Hironori Ohtsuka named his style of karate as Wadoryu — the way of peace. With this he wanted to bring out his idea of the inner meaning of practicing karate, where the purpose is to achieve a state where no violence is needed. This way of thinking can also be seen from some of the style characteristics of Wadoryu. Ohtsuka developed, for example, taisabaki techniques with the principle of moving off the attack line while blocking, so it requires using less force.
Hironori Ohtsuka (b. June 1st 1892) was one of Gichin Funakoshi’s closest and promising students during his early years in Tokyo. Ohtsuka separated with Funakoshi and created his own style, Wadoryu, at the turn of 1930’s. A specific date for founding Wadoryu is difficult to determine, since different sources tell inconsistent information. However, by 1929 Ohtsuka had defined most of the techniques of his karate and registered as a member of the Nippon Kobudo Shinko Kai (Japanese Classical Martial Arts Association). In May 1934 Ohtsuka’s karate was registered as an independent style with the name Dai Nippon Karate Do Shinko Club. Ohtsuka closed down his clinic and fulfilled his dream since 1919 of becoming a full time karate teacher.
In 1938 Dai Nippon Butoku Kai awarded Ohtsuka with the title “Renshi-go”. In the same year his style was registered with the name Shin Shu Wado Ryu. In March 1939 Dai Nippon Butoku Kai required that every style needed to officially register their names. Ohtsuka registered his style with the name Wadoryu. Other styles registered at the same time were Shotokanryu, Gojuryu and Shitoryu among others.
In 1942 Ohtsuka sensei was awarded with the title “Kyoshi-go” by the Dai Nippon Butoku Kai and in 1944 he was chosen as the head instructor of karate in Japan. In 1945, after the end of WWII, the training of martial arts was forbidden by the Americans. After the peace treaty was signed between Japan and USA in 1951, the training of martial arts was again allowed. This was followed by the first martial arts demonstration after the prohibition. The very first All-Japan Wadoryu Championships were held in 1955.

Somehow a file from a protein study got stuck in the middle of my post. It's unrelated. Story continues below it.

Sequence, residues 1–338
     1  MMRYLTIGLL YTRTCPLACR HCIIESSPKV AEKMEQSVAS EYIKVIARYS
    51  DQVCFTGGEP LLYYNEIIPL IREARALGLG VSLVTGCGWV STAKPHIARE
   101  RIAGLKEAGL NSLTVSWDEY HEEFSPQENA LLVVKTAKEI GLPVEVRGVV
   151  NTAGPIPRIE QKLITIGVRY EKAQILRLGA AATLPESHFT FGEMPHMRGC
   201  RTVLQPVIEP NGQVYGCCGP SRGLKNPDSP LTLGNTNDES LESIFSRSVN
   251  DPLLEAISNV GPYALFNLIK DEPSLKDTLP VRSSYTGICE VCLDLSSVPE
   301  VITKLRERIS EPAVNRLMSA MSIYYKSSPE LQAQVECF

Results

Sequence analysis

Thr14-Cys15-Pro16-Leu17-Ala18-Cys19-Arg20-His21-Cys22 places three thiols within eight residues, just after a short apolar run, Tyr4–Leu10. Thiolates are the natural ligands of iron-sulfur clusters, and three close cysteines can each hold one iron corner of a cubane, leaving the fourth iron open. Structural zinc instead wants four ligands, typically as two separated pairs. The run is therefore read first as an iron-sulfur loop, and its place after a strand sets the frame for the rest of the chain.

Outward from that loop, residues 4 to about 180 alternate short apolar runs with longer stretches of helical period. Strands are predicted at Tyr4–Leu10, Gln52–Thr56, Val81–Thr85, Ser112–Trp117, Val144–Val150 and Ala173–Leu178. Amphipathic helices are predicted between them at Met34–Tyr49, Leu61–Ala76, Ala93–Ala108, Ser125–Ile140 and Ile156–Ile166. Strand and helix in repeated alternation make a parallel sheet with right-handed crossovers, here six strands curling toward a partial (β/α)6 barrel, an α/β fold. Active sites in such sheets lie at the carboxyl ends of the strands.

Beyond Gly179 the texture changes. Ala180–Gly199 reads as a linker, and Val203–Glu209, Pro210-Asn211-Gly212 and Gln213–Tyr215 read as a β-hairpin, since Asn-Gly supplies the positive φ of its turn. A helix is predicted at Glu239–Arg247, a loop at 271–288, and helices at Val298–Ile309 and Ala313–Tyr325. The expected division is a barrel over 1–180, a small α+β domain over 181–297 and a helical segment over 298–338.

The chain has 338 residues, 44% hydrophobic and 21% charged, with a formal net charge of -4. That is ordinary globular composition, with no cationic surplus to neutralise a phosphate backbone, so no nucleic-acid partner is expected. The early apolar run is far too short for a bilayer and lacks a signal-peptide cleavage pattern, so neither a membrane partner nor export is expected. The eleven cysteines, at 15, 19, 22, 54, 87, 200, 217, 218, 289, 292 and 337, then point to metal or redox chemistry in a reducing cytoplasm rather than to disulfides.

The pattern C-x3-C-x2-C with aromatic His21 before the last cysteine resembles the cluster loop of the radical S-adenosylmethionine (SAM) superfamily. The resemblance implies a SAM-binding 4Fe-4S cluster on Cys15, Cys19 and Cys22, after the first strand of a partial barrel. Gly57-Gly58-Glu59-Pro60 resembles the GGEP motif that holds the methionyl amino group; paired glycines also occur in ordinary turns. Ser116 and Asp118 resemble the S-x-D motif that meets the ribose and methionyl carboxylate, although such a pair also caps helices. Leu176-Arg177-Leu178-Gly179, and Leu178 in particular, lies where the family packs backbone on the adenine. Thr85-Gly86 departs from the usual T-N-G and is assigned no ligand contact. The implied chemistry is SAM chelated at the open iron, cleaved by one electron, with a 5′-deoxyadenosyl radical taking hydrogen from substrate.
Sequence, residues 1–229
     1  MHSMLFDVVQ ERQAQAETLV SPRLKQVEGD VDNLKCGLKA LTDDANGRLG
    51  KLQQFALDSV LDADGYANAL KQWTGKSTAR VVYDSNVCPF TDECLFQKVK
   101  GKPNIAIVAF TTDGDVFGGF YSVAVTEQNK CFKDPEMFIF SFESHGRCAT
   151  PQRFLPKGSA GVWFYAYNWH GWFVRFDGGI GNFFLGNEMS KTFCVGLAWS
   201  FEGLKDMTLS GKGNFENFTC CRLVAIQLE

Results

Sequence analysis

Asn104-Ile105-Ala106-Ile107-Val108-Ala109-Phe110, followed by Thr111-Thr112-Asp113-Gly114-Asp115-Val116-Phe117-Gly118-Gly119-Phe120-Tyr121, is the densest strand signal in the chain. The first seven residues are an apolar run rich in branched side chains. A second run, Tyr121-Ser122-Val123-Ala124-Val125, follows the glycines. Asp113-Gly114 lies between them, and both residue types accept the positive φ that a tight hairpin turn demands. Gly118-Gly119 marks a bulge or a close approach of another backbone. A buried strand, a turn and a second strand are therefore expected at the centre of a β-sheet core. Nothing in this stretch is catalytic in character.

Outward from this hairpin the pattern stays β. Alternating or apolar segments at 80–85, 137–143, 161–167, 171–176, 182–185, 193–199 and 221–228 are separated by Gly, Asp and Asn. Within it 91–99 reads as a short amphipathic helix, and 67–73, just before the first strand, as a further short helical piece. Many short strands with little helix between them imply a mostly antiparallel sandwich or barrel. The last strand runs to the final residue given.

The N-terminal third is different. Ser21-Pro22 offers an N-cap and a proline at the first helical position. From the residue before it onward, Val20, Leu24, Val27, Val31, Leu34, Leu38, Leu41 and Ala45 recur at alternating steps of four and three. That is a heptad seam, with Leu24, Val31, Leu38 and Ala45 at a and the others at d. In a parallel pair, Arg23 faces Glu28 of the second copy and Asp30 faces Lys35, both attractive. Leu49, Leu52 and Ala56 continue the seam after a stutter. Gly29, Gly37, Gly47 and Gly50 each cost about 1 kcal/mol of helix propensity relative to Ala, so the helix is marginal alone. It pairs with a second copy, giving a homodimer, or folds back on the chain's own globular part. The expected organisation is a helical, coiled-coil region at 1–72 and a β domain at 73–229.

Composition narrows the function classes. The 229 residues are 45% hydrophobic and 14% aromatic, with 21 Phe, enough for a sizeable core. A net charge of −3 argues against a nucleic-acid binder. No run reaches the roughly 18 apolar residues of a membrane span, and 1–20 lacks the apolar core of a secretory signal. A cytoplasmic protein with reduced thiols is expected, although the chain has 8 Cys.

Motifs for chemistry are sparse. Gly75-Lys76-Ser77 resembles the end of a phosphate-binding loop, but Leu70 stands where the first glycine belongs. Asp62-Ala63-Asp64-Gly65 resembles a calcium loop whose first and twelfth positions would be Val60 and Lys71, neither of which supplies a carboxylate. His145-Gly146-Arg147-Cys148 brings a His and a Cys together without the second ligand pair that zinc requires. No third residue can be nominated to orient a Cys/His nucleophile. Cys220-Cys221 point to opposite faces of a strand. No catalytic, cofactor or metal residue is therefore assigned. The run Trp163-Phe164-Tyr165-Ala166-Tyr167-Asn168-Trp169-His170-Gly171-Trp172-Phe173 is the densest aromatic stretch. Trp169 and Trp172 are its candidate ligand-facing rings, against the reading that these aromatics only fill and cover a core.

The way to Europe and Finland
Wadoryu was introduced in Europe in 1964 by three teachers from the university of Japan; Tatsuo Suzuki, Toru Arakawa and Hajime Takashima came to Europe to present Wadoryu karate. Already in the following year in 1965, Tatsuo Suzuki returned to teach Wadoryu in Europe and other teachers like Teruo Kono, Yutaka Toyama, Atsuo Yamashita and Masafumi Shiomitsu followed soon after him. Suzuki also introduced Wadoryu in Finland and the style is still one of the largest in Finland. Currently, approximately over twenty clubs under the Finnish Karate Federation practices Wadoryu karate. Additionally, there are some clubs outside the FKF that practice Wadoryu — mainly under Masafumi Shiomitsu.
The Finnish Wadoryu karate has later been influenced also by other teachers. At the end of 1980’s and in the beginning of 90’s, Rob Zwartjes, 7th dan, visited Finland several times having a strong influence. Also during the 90’s, Finland started the cooperation with Shingo Ohgami, 7th dan, based in Sweden and separating from the influence of Tatsuo Suzuki continued. Since the death of Hironori Ohtsuka in 1982, Wadoryu has splitted into several groups around the world. Currently, the Wadokai organisation represented by Shingo Ohgami, covers about 90% of the people practicing Wadoryu around the world. Wadokai organisation is also recognised by the Japan Karatedo Federation and the World Karate Federation. There are also other smaller groups such as Tatsuo Suzuki’s group and the son of Hironori Ohtsuka, Jiro Ohtsuka’s group. The latter in Finland is represented by the Finnish Wado-Ryu Karate Federation, which has often invited Masafumi Shiomitsu to teach in Finland.